A Simple Overview of How Air Conditioners Work
Air conditioning is all around us, yet it is a mystery to most. This is surprising since we have had ‘air conditioners’ in our homes since the mid-1850’s. ‘But hold it,’ I hear you say. ‘Carrier only invented the first working conditioner in 1902.’ We are arguing over words. A refrigerator is technically considered an air conditioner because it chills the air in the fridge. But, there are a number of differences.
Air Conditioners and Refrigerators
An air conditioner pumps hot air outside the house while a refrigerator pumps the heat against the wall behind it. Refrigerators transfer heat from inside a box to its surroundings, thus the room around the fridge is warmed as it receives the heat removed from the box. So if we tried to cool the kitchen by leaving the fridge door open, the room would technically get even warmer. This is because the fridge motor would be constantly running to move heat energy around in a circle. The real question is actually, ‘how refrigeration works’.
How Do Cooling Systems Work?
We start with a definition from Wikipedia. After all, they have so many editors and moderators they should have it nailed down by now. Wikipedia says, “air-conditioning is the process of removing heat from a confined space, thus cooling the air, and removing humidity.” But they did not say how this happens.
A refrigeration/air conditioner system has three main components. These bits are an evaporator coils (with coolant/refrigerant inside), a compressor, and condenser. First, a fan draws the warm air from the room (or the fridge) through a filter/grill. Next, this air flows through the evaporator coils containing the liquid coolant. This cools the air down before another fan sends it back into the room (or the fridge again).
Technical Overview of Air Conditioning Units
The furnace or air handler pulls hot air into the system through a filter, cleaning the air. The hot air blows through the evaporative coils that contains the refrigerant or coolant liquid. Many refrigerants are so cold that they can boil at a mere 40 degrees (F). The cooled air molecules continue through the supply duct, past the registers and back into the home via the return air duct. As more heat is absorbed by the coolant (a process called ‘heat exchange’) in the evaporative coils, it expands and turns into a gas. The gas from the evaporative coils then travel to the condenser unit, typically located outside of your home, where heat is removed and exhausted.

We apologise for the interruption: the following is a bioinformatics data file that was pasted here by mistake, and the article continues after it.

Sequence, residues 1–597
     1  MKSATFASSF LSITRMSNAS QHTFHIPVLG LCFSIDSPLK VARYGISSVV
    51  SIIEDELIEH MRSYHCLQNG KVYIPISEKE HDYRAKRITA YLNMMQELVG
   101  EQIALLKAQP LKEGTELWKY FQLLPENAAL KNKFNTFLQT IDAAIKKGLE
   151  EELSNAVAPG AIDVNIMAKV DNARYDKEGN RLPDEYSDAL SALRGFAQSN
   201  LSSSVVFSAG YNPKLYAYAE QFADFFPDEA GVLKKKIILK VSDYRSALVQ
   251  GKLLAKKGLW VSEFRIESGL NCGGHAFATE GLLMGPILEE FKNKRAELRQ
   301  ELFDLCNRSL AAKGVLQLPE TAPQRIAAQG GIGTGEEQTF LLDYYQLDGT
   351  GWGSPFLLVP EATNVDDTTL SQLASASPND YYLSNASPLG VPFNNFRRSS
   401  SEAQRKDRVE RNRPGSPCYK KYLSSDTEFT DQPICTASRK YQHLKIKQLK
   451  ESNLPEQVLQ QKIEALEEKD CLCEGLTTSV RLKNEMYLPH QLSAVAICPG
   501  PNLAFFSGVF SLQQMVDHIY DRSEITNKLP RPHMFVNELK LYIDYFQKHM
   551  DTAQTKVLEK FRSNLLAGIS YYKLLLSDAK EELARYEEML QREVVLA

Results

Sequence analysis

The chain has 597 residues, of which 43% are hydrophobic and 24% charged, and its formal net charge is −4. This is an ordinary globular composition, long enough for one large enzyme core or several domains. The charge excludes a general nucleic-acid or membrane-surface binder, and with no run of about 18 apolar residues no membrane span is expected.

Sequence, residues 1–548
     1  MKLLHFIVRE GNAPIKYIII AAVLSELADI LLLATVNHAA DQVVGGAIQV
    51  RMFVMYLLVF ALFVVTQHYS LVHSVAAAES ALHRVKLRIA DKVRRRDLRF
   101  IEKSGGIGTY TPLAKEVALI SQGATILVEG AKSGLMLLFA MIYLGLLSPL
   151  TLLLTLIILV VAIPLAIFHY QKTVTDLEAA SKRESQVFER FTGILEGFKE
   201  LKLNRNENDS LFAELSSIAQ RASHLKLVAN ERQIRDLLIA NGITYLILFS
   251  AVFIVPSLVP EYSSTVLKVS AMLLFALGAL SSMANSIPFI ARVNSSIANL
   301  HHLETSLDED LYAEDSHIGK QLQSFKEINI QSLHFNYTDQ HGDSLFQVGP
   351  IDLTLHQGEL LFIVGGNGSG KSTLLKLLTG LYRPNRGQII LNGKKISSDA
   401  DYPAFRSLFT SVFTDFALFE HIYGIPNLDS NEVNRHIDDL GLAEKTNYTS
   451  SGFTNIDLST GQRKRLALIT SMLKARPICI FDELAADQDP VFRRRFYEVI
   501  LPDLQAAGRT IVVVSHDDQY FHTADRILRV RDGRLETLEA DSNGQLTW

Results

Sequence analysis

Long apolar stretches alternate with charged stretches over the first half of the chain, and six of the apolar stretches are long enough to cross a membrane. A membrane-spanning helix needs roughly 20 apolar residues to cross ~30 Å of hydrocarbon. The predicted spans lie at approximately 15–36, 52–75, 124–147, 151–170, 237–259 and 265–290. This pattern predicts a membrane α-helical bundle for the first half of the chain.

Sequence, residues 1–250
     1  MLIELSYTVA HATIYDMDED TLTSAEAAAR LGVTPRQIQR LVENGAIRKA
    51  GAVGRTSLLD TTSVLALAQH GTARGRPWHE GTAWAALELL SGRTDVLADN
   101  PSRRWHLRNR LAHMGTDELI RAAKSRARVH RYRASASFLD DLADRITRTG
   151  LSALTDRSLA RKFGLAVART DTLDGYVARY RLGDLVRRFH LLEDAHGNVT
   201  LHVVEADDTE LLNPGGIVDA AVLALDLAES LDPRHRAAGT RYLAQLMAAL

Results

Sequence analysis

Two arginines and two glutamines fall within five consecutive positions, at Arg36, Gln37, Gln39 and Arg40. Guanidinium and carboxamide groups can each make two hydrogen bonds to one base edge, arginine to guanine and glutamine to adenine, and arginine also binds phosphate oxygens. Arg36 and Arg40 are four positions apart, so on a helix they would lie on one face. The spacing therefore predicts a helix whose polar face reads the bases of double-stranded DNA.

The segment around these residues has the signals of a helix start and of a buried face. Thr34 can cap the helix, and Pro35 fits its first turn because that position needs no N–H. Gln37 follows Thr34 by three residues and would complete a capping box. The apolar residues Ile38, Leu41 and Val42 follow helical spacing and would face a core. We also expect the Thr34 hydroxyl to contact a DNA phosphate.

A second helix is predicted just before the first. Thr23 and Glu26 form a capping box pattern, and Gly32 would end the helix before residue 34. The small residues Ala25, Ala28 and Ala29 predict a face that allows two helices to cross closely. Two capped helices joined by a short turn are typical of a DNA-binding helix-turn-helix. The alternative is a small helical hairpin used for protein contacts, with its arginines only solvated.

The compressor is the heart of the entire system. It compresses the hot refrigerant and sends it back into the cycle (much like a heart). It takes a low pressure, hot gas (from the heat in your house) and condenses so that it gets hotter. Then the condenser fan pulls the outside air over the hot coils in order to exhaust the heat and remove it from the system.
Watch this short video to learn more.
Through the continuous transfer of energy, this process proves that cold is simply just the absence of heat.
Who Invented the First Air Conditioner?
This is hard to tell as the idea of cooling air dawned gradually. We know the Egyptians cooled it over 2,000 years ago. They passed it through reeds they moistened with water and hung in their windows. This cooled the breeze passing through as the moisture evaporated. Later, the Romans circulated water through walls to cool the homes of the super-rich.
That said, American inventor Willis Haviland Carrier was the first to commercialize the air conditioning business. After receiving complaints of humidity ruining paper stock at the Sackett-Wilhelms Lithographing and Publishing Company in Brooklyn, N.Y. Willis decided to come up with a solution. He concluded that by artificially controlling humidity and temperature, and managing air circulation and ventilation he could create a more optimum environment. This solved the problem, and now you know how air conditioners work.
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